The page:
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Travel tips: Dealing with airline delays or cancellations

Posted: Monday, March 19, 2012

Sometimes the biggest adventure in adventure travel is getting there! Everyone knows that airplane travel isn't as fun as it used to be and having your plane cancelled or delayed has always been an inconvenience. But with the cutbacks in service it can be a nightmare these days. Yes, airlines are required to rebook you on the next available flight, but that doesn't mean you're going to get there anytime soon. So here are some tips first for prevention, then preparation, and then and then for how to deal with delays or cancellations if they occur.

Prevention: you can minimize your risk of delays and cancellations by:

  1. Fly first thing in the morning. Delays often ripple through the system (i.e. the first 15 minute delay causes a 30 minute delay on the return which then causes an hour delay etc.) and the later you fly, the more likely you are to be delayed.
  2. Try to fly nonstop. The more times you have to takeoff and land, the more likely you are to run into problems. Just because your flight number doesn't change, doesn't mean it's nonstop - so be sure to look at the actual number of stops.
  3. If you can't fly nonstop, try to avoid congested airports or airports that are known to have trouble dealing with bad weather (Chigago's O'Hare and Philadelphia airports come to mind)
  4. Consider going a day early if you can. That will give you lots more options if your flight is delayed.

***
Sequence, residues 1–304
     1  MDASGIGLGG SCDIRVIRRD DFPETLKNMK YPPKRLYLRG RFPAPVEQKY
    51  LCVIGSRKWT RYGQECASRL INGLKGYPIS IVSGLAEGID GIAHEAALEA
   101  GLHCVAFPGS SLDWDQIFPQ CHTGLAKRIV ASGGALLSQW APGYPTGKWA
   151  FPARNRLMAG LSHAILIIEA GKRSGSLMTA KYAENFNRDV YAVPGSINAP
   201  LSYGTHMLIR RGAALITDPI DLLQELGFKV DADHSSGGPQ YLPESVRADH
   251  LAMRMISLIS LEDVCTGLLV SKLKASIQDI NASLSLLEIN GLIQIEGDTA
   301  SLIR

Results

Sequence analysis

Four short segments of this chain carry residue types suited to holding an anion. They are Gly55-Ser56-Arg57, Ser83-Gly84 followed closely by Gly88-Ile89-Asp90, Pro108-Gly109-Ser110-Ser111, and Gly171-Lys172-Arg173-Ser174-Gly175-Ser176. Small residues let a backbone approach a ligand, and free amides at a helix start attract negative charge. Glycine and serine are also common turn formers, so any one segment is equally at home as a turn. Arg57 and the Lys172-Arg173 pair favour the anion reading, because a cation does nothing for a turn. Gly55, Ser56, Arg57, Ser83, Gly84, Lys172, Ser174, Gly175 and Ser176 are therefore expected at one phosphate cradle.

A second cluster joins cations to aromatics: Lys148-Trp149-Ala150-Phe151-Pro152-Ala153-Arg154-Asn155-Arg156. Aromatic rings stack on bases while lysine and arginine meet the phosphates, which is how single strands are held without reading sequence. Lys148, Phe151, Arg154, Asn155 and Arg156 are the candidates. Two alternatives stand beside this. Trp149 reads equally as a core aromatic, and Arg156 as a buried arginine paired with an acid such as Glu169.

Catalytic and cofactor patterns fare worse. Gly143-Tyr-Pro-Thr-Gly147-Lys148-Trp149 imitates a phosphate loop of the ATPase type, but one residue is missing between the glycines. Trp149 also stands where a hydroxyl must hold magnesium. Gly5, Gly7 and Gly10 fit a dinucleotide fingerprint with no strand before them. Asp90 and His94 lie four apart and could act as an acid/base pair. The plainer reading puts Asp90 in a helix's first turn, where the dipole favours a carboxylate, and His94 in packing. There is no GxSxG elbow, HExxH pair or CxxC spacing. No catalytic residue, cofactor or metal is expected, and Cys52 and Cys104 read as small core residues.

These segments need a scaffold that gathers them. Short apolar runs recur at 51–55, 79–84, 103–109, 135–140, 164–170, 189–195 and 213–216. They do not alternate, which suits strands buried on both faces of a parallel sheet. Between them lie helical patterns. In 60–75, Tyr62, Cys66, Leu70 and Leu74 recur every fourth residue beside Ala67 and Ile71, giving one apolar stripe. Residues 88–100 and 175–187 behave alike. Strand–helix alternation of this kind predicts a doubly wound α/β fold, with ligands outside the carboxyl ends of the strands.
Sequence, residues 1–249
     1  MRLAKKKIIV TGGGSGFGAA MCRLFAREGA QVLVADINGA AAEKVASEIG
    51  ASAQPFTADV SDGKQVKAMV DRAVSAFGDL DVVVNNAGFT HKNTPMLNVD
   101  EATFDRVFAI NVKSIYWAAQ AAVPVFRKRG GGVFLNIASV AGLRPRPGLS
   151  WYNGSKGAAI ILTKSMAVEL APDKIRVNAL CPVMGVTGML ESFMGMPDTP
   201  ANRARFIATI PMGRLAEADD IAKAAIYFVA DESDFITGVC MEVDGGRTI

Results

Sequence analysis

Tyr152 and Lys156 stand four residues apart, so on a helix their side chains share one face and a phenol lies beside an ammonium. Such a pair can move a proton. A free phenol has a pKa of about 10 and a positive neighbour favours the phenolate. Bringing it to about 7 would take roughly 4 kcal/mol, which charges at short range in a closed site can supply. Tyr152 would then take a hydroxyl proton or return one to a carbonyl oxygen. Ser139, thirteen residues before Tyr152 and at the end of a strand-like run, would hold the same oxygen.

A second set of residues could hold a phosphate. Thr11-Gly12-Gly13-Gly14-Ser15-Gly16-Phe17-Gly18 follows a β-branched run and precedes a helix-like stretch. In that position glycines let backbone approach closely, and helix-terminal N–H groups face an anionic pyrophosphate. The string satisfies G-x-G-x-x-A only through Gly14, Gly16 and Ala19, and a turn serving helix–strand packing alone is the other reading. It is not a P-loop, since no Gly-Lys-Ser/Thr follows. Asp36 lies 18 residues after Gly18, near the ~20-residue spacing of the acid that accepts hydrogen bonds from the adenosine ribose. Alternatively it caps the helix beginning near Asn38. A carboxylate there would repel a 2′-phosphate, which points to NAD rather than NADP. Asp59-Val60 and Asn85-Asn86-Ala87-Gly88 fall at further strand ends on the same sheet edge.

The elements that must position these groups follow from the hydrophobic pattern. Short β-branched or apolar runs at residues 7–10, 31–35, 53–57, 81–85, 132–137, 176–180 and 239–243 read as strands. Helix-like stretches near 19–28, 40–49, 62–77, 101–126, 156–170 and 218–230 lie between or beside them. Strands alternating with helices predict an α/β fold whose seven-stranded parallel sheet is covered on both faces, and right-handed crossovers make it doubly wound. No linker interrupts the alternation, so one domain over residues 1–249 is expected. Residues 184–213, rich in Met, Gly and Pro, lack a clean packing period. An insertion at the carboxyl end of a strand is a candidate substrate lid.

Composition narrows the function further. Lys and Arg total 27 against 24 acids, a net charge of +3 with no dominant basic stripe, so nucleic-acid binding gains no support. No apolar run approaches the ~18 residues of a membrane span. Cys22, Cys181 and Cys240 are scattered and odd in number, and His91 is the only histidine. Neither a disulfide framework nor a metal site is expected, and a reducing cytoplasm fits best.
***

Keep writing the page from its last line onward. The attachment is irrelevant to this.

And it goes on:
But preventive strategies only take you so far and sometimes you're just stuck. So how can you prepare?

  1. Know your airlines Contract of Carriage. It may be surprising to learn that airlines aren't required to do anything but book you on the next available seat - they aren't required to put you up in a hotel or give you food coupons or financial compensation. What airlines will do is individual and spelled out in their Contract of Carriage, so this is a good thing to know before your flight. You can see links to all the airlines' contracts here. Don't count on the gate agent to know what your rights are.
  2. Sign up to get alerts from the airline- emails, phone calls or text messages if there is a problem so you, or a friend, can get right on it.
  3. Look up the number of your airlines' reservation center and carry it with you.

Realizing that lots of other people are in your same boat and will also be trying to get new flights, here are the strategies to employ once your flight has been cancelled (or significantly delayed).

  1. In the section above I suggested carrying the phone number of your airline. If your flight is cancelled, you have a better chance of getting rebooked if you call the airlines' reservation system than if you stand in a long line. When I did this once, the person at the reservation center told me to make my rebooking at the airport. I politely explained that there was a long line, I desperately needed to get on the next possible flight, and I would appreciate her help - which she gave me.
  2. Airlines are not required by law to book you on a competitor's flight, but some of them will - especially if you can tell them what flight. One Saturday one of our guides was coming back from a trip when her flight was cancelled. We received an email alert, looked at the options on other airlines, and called the guide with the information. She was able to convince the reservation agent at the airport to rebook her that day.
  3. If you are trying to rebook by phone, lots of other people may be too and you may get put on hold forever. Call back and choose the option for speaking with someone who speaks Spanish. They are all bilingual and you will get through much faster.

And once you've done everything you can, relax. At this point the only thing you have any control over is your attitude. Sitting there uptight and fretting won't get you there sooner so you might as well read a good book or magazine.

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